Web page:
6) What are your views on the crime/thriller market currently? Across the genre, what would you like to see more of that hasn’t been submitted before to you?
I’m a big crime and thriller reader and I think the genre is becoming more diversified and interesting every year. I like to see a bit of boundary pushing – my client Charlotte Philby is a good example of this, her central characters are flawed and ambiguous and she combines domestic noir and espionage in a way that you rarely see. What I’d also love to see more of is dark humour in the vein of Oyinkan Braithwaite’s My Sister the Serial Killer. She pulls off this incredible combination of over the top crazy in concept and elegant restraint in execution that I’m in total awe of. I also love upmarket true crime with something of the author in it –The Fact of a Body and I’ll Be Gone in the Dark, for example, are very human investigations into *very* dark corners of the human psyche. I’d love to see something like that, particularly if it’s set somewhere other than the US or UK.
7) When you leave your desk, on a Friday afternoon, what’s the first thing you do? On a Friday evening/the weekend, what do you do to relax?
Pick up my youngest daughter from school then come home and either cook for the evening, try to do some more work or relax with my children. Weekends are mostly taken up with family stuff, seeing friends and trying to cram in some reading. I’ve found this year I’ve had to take up regular exercise in order not implode, so I either run or do yoga (or both) most days and that means I’m actually capable of relaxing for brief periods, rather than being an irascible, jittery mess.
8) During lockdown, what have you been watching on television? Do you have a favourite drama that you watch religiously?
I love watching teen/YA drama with my oldest daughter – we are very into Ackley Bridge at the moment. She is obsessed with Stranger Things, which I introduced her to (all the tweens watch it round here – we’re very sophisticated in Lewisham). And Dead to Me and Schitt’s Creek have also been favourites over the past few months. (Please don’t tell the TV police, though – she’s only 11!) I’ve also been watching Harlots (not with my daughter!); I’m obsessed with Samantha Morton. I love TV – I would watch for hours a dayif I could.
9) During lockdown, what have you been reading? Have you found that your habits have changed?
Apart from the first couple of months of lockdown when I couldn’t focus very well, I don’t think they have changed that much, apart from the fact that I have been buying more hardbacks direct from independent bookshops and small publishers in an attempt to keep the industry afloat. Onehappy result of that was my discovery of the writing of Heidi James, when I bought The Sound Mirror straight from her publisher, connected with her on Twitter, discovered she was unagented and took her on. She is an astounding writer; The Sound Mirror has been my favourite read this year and I am beyond excited to be working with her. I’ve read a bit more non-fiction that I usually do as well – I fell in love with Hadley Freeman’s House of Glass, a memoir of her Jewish family, in which I saw some of my own family history. It’s a wonderful book, full of heart and the result of a decade of research, detective work and huge empathy, and I felt bereft when I’d finished.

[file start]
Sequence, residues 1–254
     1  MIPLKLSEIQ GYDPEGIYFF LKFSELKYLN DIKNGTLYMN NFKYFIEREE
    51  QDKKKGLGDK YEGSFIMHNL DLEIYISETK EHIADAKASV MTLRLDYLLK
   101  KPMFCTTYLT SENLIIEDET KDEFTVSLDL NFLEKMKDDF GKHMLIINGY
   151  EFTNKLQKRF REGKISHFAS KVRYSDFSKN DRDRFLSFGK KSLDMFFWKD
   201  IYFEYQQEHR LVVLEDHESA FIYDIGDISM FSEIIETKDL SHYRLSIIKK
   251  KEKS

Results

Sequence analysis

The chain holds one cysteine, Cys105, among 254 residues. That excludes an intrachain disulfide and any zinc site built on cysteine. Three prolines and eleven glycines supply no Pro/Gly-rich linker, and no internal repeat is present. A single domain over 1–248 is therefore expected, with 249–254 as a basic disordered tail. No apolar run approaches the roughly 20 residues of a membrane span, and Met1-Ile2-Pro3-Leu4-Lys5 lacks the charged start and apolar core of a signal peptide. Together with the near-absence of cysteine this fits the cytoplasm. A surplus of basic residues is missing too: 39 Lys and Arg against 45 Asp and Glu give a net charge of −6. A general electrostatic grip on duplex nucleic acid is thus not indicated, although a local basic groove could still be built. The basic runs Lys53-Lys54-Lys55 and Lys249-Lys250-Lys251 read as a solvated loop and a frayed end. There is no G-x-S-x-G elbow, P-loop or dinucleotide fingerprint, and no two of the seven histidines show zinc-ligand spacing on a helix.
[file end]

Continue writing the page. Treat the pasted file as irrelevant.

10) If you could only listen to Rod Stewart, Freddie Mercury or Brian Johnson (AC/DC), who would you choose and why?
Is that a trick question? Errm, Freddie Mercury because my best friend at school and I used to listen to Queen’s Greatest Hits when we were 13 or 14 (it was 1986) and I am sentimental like that. But I do secretly quite like Rod Stewart. My aunt had a thing for him and he reminds me of her. Are you only asking Gen Xers this question? 🙂
Thank you for your time to visit my blog this afternoon Julia. it has been a pleasure interviewing you.
Bio: JULIA SILK was an editor for 15 years, latterly at The Orion Publishing Group, where she worked for nine years. She has an MA in Comparative Literature from UEA and loves to read stories that expose universal truths in new ways. She has broad-ranging taste and welcomes submissions of fiction across the spectrum from commercial to literary, particularly when they feature unpredictable characters making unexpected choices.
Julia is currently particularly keen to see reading group fiction with a strong hook, upmarket crime/thriller and narrative non-fiction/memoir. Please don’t send her children’s, YA, or SFF. She regrets that she is unable to respond to every submission but aims to be in touch within 8-10 weeks if she would like to take your submission further.
Her favourite recent reads include Crazy Rich Asians by Kevin Kwan, The Dry by Jane Harper and Lullaby by Leila Slimani.